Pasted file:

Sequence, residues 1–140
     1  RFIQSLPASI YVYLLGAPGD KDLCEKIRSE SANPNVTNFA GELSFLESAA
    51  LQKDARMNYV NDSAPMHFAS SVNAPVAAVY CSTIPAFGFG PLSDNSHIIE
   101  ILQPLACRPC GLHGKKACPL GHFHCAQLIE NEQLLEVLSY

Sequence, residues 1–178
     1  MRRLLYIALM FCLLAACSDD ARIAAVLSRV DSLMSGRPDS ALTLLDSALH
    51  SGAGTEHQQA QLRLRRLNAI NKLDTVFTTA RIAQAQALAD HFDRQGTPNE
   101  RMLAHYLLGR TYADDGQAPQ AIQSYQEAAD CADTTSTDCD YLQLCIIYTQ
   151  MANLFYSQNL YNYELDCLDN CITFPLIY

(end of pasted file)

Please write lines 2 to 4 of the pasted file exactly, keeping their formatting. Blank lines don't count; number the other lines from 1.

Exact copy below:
     1  RFIQSLPASI YVYLLGAPGD KDLCEKIRSE SANPNVTNFA GELSFLESAA
    51  LQKDARMNYV NDSAPMHFAS SVNAPVAAVY CSTIPAFGFG PLSDNSHIIE
   101  ILQPLACRPC GLHGKKACPL GHFHCAQLIE NEQLLEVLSY